What sets this revolver apart is the 6 shot cylinder and more importantly, the trigger.  Factory revolvers are notorious for heavy, crunchy triggers.  Typically in the 12 - 16 pound range and desperately need the loving touch of a good gunsmith to smooth them out.
Kimber's specification for this revolver is 9.5 - 10.5 Lbs.  This is a very good trigger weight for a revolver.  To top it off, the trigger is very smooth.  Smooth  is very important in a revolver.

I only had limited time to test fire this revolver.  But after 18 rounds, I was impressed for a Kimber product.  The trigger was smooth, not too heavy and easy to press.  Kimber representatives claimed we were firing full power, 158 grain .357 magnums.  Didn't feel like it.  This pocket revolver was very easy to manage.  My Ruger SP101 can be a handful with full power loads.  First, impression, I like it.   

Now the bad news.  MSRP is $899.  OUCH!  This is very high for a snubby revolver.  A comparable Ruger or Smith will retail for $550 - $750.  But, they have stock triggers and typically need some TLC.  This is where the Kimber shines.  I don't think additional work is necessary on the Kimber.  If you combine purchase price and a trigger job, you are at or almost at the same price as the Kimber.  I do think you are paying a little more for the Kimber name.  But the performance was very nice.

Definitely take a look at the Kimber revolver if you are in the market for a pocket revolver.  The price is high, but the additional work most revolvers need has already been done for you by the Kimber factory.








01/19/2016

By: Mez

Friday, January 15, 2016

It's that time again!

Our annual SHOT Show trip is just around the corner - in approximately 30 hours we'll be hitting the highway on our way to Vegas.

I'm having a hard time getting as excited as I have in the past. I am definitely looking forward to seeing my peers, but I can't say there's anything I'm just dying to see.

Part of my lack of excitement is real-world work stress. Now that I'm finished with work for the week and there's literally nothing else I can do to ensure my students do okay in my absence, I'm starting to feel the stirring of excitement.

Industry Day is always a good time and last year Mez and I spent a lot of time in the non-shooting area. We found it was a good place to wander and talk to vendors. In years past, we'd been too busy wanting to try all the guns and we'd overlooked an area full of great items. We won't make that mistake again.

I am looking forward to the panels and presentations as well. Again, last year, I spent more time sitting in presentations than I had in the past and found that I really enjoyed them and learned a lot.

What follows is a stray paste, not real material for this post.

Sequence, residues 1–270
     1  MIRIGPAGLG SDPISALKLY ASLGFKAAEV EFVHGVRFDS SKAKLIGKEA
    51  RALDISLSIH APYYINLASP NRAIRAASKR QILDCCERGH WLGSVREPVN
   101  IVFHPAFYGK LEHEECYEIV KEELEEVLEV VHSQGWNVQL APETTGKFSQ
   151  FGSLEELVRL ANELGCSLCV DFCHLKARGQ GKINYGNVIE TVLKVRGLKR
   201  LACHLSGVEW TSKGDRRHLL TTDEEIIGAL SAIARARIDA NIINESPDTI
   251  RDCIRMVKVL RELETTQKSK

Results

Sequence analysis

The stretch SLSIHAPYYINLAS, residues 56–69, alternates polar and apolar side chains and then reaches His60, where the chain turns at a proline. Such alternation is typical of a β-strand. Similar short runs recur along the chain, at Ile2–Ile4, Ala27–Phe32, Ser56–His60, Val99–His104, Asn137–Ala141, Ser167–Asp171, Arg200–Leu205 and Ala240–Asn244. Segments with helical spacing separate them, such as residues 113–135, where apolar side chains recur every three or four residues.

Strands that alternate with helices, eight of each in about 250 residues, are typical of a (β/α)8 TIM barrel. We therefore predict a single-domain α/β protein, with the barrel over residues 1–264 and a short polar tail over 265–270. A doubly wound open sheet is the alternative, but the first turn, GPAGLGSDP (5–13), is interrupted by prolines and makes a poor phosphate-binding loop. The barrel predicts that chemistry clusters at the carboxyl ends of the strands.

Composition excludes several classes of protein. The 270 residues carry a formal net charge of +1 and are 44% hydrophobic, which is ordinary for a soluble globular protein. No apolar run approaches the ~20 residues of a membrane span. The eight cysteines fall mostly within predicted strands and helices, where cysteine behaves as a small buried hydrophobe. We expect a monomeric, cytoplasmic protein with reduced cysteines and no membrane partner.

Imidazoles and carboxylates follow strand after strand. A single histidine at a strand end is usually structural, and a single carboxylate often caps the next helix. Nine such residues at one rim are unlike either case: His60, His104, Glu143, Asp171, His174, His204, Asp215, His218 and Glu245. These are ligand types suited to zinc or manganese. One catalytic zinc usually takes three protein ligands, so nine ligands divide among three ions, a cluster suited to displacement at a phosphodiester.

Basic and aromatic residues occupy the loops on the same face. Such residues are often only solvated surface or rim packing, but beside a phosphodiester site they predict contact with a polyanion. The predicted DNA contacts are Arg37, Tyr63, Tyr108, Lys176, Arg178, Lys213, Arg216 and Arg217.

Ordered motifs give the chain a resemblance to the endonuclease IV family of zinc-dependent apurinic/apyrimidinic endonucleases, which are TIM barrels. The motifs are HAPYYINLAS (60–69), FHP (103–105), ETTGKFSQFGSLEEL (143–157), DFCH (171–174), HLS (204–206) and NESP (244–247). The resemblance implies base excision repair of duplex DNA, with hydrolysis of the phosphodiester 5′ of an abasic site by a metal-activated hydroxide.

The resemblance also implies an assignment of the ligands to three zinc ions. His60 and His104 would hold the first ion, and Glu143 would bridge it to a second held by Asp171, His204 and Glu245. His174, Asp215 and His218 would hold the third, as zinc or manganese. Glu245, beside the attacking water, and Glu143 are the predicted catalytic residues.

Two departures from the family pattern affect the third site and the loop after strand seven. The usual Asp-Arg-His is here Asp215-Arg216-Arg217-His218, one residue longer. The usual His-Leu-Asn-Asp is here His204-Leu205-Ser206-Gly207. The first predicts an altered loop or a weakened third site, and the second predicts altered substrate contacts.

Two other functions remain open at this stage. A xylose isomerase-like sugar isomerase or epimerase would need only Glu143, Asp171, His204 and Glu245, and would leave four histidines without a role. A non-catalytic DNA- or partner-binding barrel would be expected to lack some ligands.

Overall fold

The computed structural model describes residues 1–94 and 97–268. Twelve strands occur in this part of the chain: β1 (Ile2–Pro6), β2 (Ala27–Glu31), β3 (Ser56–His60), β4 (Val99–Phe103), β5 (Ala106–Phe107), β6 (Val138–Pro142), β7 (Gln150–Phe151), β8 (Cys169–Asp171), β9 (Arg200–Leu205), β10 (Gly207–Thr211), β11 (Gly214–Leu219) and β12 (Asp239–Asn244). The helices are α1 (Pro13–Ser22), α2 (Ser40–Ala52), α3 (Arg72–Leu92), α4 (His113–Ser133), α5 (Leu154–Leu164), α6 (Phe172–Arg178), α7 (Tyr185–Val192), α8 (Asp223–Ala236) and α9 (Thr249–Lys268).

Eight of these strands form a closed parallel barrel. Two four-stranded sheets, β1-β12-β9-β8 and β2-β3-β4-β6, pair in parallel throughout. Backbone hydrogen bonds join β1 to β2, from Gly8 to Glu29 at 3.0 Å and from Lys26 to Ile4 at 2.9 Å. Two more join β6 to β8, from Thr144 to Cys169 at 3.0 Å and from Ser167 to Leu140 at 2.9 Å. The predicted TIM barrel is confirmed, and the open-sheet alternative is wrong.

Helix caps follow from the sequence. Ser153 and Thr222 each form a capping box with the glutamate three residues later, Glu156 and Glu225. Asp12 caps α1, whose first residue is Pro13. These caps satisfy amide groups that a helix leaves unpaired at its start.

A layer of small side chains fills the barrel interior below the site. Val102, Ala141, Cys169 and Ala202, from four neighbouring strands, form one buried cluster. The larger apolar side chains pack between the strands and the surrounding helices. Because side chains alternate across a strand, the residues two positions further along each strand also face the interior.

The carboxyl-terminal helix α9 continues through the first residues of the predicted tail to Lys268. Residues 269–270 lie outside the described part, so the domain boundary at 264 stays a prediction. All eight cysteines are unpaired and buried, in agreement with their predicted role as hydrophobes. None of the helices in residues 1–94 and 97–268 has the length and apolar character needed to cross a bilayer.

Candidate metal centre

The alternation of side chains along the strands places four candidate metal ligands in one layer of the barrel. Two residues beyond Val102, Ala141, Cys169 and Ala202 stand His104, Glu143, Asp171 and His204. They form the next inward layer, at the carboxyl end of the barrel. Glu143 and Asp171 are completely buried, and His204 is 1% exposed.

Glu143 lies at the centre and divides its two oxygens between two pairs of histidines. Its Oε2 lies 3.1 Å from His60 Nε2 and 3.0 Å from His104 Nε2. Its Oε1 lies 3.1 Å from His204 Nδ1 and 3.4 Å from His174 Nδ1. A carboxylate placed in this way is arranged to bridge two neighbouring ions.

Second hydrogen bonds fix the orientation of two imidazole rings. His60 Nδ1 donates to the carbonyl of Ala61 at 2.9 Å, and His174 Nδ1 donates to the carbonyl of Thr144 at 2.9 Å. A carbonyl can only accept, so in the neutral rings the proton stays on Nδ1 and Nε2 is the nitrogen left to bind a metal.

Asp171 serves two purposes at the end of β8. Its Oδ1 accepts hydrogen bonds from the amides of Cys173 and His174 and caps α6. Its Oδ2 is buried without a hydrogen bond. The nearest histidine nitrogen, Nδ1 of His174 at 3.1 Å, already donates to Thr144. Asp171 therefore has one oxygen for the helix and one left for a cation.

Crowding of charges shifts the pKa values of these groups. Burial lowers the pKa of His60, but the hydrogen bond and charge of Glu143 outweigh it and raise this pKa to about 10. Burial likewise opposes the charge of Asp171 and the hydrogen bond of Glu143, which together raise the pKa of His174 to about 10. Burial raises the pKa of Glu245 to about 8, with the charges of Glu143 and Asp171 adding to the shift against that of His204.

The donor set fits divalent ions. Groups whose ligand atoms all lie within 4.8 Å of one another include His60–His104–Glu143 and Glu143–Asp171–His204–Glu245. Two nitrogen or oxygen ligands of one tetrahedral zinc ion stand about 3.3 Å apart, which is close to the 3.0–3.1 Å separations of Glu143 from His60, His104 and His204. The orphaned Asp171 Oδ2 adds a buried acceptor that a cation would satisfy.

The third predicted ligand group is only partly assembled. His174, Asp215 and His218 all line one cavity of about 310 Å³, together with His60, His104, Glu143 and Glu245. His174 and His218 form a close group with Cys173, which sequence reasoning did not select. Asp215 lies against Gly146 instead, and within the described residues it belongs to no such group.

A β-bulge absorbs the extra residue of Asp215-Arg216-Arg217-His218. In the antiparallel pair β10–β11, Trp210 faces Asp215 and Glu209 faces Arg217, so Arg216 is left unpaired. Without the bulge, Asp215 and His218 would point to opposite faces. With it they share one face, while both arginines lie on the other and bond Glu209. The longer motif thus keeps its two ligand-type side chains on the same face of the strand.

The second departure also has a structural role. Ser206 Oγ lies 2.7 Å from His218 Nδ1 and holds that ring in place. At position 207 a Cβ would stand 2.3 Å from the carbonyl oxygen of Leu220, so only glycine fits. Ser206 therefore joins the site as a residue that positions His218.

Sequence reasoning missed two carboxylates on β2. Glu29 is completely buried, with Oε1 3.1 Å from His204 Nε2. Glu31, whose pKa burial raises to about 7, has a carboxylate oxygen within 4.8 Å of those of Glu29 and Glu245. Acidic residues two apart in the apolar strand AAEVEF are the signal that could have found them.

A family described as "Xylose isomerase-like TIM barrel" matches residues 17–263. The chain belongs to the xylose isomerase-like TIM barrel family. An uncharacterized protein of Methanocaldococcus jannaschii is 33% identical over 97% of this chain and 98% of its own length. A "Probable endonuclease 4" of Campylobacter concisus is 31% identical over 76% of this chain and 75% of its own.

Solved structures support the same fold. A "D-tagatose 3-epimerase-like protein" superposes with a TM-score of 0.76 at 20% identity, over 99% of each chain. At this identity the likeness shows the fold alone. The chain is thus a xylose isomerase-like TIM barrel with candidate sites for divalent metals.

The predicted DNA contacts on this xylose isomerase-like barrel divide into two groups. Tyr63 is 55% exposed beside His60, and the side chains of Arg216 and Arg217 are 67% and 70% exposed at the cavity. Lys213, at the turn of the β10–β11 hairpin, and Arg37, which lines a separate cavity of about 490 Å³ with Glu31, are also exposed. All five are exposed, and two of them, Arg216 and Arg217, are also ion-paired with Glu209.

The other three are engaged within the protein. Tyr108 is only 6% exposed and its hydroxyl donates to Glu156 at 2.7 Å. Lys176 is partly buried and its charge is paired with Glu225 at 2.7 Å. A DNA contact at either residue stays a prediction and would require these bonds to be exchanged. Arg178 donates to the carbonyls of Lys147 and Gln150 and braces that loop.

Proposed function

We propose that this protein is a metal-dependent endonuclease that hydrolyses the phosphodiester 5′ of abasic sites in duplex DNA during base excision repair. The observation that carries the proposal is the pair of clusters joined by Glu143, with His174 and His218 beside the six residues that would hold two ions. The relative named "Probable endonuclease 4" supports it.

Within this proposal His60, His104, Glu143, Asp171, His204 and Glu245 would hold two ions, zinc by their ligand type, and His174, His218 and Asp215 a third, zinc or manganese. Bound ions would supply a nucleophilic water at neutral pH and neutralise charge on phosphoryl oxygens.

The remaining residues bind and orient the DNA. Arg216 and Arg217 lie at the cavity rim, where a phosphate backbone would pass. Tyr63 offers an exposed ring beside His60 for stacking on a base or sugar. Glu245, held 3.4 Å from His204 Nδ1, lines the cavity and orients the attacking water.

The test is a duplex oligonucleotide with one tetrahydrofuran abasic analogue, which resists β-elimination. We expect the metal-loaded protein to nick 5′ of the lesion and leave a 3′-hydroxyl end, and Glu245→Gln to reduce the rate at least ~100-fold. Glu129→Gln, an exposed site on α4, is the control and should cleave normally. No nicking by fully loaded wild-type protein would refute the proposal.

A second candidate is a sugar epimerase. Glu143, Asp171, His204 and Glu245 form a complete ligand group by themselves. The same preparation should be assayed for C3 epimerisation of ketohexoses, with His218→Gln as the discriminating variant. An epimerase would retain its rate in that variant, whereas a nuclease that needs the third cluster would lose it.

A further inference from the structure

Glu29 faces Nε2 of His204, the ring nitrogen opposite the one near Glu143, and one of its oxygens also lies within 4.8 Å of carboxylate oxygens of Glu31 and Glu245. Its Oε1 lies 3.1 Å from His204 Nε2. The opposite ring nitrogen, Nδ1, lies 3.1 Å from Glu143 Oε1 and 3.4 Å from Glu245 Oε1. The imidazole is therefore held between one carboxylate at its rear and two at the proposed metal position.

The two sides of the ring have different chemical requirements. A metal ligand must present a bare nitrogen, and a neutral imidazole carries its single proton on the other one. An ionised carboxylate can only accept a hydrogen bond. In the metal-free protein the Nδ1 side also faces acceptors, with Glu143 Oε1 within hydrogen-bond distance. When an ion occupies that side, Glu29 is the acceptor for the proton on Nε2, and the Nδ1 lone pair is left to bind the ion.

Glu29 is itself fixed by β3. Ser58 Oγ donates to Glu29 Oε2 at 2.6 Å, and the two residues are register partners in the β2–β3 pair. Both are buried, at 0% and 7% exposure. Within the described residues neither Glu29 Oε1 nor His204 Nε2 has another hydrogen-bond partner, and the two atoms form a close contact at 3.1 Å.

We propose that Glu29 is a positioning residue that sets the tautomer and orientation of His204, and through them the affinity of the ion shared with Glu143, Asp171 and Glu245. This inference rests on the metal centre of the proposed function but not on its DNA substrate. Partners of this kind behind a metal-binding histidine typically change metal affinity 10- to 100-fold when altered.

There is also a women's meet and mingle on Thursday that I'm looking forward to - it's an opportunity to expand my network. As an introvert, that's hard for me to do, but something organized makes it a lot easier.

I know posting has been sporadic here, and I apologize, but look for new (brief) posts throughout the next week. I'll be posting on Facebook throughout the show, so if you're not following us there, you might want to click on over.

Saturday, November 14, 2015

Range Day with Mez

It's been a couple of weeks since I've been to the range, so I was really looking forward to getting some gun powder therapy. I had a new drill I wanted to try and it was going to be much easier to do at an indoor range than an outdoor one, where I'd have to keep moving the target.

Mez took me to a really, really nice range in the city he lives in and in the excitement, I forgot to pick up the target I needed to shoot the drill, so I pulled my training book out of my bag and fell back to the dreaded-but-much-loved Dot Torture.

I had done some sort-of training with the G42 to make sure I could hit the broad side of a barn (or a torso-sized target), but I haven't done a lot of training/practice with it. When I'm just out farting around at the range - not doing any drills - I shoot primarily strong-handed (in my case, right-handed), but when I'm doing drills and focused practice I always run the drill both strong- and weak-handed.

It was a good decision to go to the Dot Torture instead of the other drill, which requires your first five shots to be at 25 yards. With the Para, I have full confidence I can hit at that distance. However, with a pocket pistol ... well, it would have been iffy.

Right handed

Left handed
There are times, like today, when I feel like I should just switch to shooting left-handed. And there are times, like today, when I wonder if I'll ever be able to shoot this damn thing clean.

But then I remember, I'm doing it with a pocket pistol and while I didn't shoot it clean, I did complete the strings of fire and I can only improve. I just need a lot more trigger time. A lot more.

And when I do finally shoot it clean, there will be much celebrating!

Monday, October 26, 2015

Living with the Flashbang

I'm a week into using the Flashbang as my primary holster and for the most part I really love it. Now that I've figured out a system for getting dressed and holstering my gun, it only takes an additional thirty seconds or so to get dressed.

Two drawbacks:

1) I'm developing a raw spot on Ms. Left from the edge of the holster. I'm wear it tucked deep into my bra, so the edge of the holster rubs. I need to just get some moleskin, but it's a lot harder to find than I remember it being. I might have to resort to ordering it from Amazon.

2) I've found that after about 13 hours (the length of time I'm at work), it starts to get uncomfortable. Well, not the holster so much, as the whole bra. If I'm honest with myself, 13 hours is about how long I can tolerate wearing a bra, so I don't know that I can really blame the holster for it.

I'm still in the market for an IWB holster for jeans day, but I think I can hold off on spending that money for a bit, as long as I continue to dress around the Flashbang.

One other note: a couple of years ago, I did a review on a leather holster and I was disappointed when the snaps gave away and the holster started flopping. Holy cow, if that leather maker had used the same snaps that Looper does on the Flashbang, the leather holster would not have budged! The snaps on the Flashbang are ... sturdy. In fact, if you don't get the technique down, you're not getting the snaps done or undone.